Foundations Field Guide

Overview

A foundation is a non-governmental, non-profit organization with its own funds (usually from a single source, either an individual, family or corporation) and program managed by its own trustees and directors established to maintain or aid educational, social, charitable, religious, or other activities serving the common welfare, primarily by making grants to other non-profit organizations. Foundations are categorized as independent foundations, company-sponsored foundations, community foundations, and grant-making operating foundations. Operating foundations sponsor research, social welfare or other programs as determined by their governing bodies or charters. Most award few or no grants to outside organizations and are not listed in the Foundation Directory. Community foundations derive their funds from many donors rather than a single source. These are usually classified under the tax laws as public charities, and are therefore subject to different rules and regulations than either independent or company-sponsored foundations.

Career Opportunities

The work of foundations involves reading proposals, visiting with prospective grantees, making judgments about awards, preparing detailed memoranda for governing boards and files, answering questions from prospective grantees, monitoring grants already in place and attending board meetings when asked. Some types of foundations have a significant fundraising/development component, and the largest foundations have staff to manage their investments. The duties of program officers in smaller foundations may resemble those of executive directors in larger foundations. There are no standardized career paths. People may enter the field as generalists from a variety of backgrounds. In order to advance in the field, they work in a progression of positions within a particular foundation. These include program assistant, program associate and program officer; others move from one foundation to another for career advancement.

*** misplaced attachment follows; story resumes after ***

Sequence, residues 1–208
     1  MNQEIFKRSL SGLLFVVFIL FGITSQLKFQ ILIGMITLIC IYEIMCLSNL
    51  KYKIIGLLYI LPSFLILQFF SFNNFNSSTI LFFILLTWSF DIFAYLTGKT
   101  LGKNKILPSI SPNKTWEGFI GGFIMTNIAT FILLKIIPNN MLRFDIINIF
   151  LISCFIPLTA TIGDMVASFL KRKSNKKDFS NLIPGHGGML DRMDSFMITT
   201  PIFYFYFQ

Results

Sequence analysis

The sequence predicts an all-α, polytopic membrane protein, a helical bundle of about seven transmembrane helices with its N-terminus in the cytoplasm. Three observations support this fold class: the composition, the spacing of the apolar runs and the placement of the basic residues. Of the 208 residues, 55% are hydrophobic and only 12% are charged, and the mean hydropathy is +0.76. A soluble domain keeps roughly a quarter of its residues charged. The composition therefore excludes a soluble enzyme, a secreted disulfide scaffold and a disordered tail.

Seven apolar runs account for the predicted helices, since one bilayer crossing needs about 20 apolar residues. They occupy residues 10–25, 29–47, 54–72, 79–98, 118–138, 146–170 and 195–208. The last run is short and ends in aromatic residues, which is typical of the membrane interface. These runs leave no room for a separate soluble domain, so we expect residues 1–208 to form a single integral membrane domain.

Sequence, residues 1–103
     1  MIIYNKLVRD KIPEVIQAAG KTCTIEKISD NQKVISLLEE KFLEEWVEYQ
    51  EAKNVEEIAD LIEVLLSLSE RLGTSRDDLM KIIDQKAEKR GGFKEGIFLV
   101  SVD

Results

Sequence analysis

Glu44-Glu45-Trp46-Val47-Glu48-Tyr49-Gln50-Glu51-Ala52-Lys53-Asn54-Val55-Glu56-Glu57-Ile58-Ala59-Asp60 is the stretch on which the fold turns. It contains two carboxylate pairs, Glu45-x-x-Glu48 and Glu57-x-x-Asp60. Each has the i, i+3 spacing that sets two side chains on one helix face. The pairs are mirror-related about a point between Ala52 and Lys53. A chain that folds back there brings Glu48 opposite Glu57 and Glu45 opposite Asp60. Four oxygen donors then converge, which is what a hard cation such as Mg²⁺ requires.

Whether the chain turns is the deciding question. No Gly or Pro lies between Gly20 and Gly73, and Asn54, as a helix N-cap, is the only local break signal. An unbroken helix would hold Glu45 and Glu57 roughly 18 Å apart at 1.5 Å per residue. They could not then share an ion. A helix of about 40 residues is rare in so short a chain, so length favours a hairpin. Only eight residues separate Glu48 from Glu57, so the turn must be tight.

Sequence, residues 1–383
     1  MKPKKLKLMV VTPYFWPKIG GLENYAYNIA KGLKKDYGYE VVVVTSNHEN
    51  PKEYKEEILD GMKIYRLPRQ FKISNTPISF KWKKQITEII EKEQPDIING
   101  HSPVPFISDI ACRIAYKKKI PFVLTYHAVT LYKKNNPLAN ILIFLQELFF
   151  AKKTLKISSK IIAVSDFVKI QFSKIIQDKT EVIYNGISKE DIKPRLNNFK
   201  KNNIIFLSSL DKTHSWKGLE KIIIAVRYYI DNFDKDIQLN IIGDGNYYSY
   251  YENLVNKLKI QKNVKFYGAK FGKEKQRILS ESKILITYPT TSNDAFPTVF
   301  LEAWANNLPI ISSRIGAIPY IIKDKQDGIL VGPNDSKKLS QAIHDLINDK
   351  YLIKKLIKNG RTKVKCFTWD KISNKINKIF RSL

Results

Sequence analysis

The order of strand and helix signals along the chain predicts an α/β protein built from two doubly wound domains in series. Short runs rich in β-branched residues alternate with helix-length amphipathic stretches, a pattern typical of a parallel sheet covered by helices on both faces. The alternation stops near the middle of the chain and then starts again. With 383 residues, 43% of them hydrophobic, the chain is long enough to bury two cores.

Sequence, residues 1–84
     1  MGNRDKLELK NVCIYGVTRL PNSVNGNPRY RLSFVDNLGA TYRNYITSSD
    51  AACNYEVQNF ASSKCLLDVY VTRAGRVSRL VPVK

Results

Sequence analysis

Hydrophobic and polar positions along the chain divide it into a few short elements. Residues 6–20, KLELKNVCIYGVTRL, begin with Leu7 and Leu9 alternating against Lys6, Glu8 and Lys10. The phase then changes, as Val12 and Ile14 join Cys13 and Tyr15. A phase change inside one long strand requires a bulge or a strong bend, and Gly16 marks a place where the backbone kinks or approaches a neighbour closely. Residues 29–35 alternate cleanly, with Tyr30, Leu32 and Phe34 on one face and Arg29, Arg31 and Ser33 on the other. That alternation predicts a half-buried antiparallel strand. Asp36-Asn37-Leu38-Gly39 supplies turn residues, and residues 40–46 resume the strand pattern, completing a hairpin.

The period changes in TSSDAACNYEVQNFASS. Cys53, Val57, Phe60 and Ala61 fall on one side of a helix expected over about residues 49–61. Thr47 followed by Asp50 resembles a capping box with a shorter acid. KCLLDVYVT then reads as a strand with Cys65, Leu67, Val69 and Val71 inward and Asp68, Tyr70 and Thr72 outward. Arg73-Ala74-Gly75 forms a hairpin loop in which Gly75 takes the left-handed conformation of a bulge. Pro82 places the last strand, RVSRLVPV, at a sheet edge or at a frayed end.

Types of Jobs

  • Program officer/coordinator
  • Communications
  • Grant development
  • Human resources
  • Investment analysis
  • Editor/writer

Qualifications + Skills

  • Ability to write clearly and succinctly
  • Project management
  • Global perspective on ideas and issues
  • Active listening skills
  • Creative thinking
  • Critical analysis and quantitative skills
  • Grant writing

Sample Employers

  • Bill and Melinda Gates Foundation
  • Carnegie Corporation of New York
  • Commonwealth Fund
  • Ford Foundation
  • George Gund Foundation
  • The William and Flora Hewlett Foundation
  • Kellogg Foundation
  • Kettering Foundation
  • John D. and Catherine T. MacArthur Foundation
  • The Century Foundation
  • Andrew W. Mellon Foundation
  • Charles Steward Mott Foundation
  • Open Society Foundations
  • David and Lucille Packard Foundation
  • Pew Charitable Trust
  • Robert Wood Johnson Foundation
  • Rockefeller Brothers Fund
  • Rockefeller Foundation
  • Alfred P. Sloan Foundation
  • ...And more!

Sample Maxwell Classes

  • Policy Administration in Developing Countries
  • Governance and Global Civil Society
  • Challenges of International Management and Leadership
  • Human Resources Management
  • Nonprofit Management and Governance
  • Financial Management in Nonprofit Organizations
  • Fund Development for Nonprofit Organizations
  • Managing Interpersonal, Group and Systemic Conflicts
  • Social Media in the Public Sector
  • Ethics and Public Policy

Resources

  • Council on Foundations
  • Foundation Center
  • Exponent Philanthropy
  • Philanthropy.com

Related Career Guides

  • Nonprofit Management
  • Associations
  • Think Tanks

PRO TIP: Knowing someone on the staff or board of a foundation, completing an internship or project with a foundation, working as a support person until another job opens up, or connecting with a mentor (including professors and alumni) who may serve as a consultant to the foundation or on the board, are all ways to break into the field. Volunteers or community activists who have been grantees of the foundation may become known to the foundation staff and connections made through fundraising, consulting or serving on a committee that reviews proposals can also provide a way into the foundation world.

>> Download a printable, PDF version of the Foundations Career Field Guide.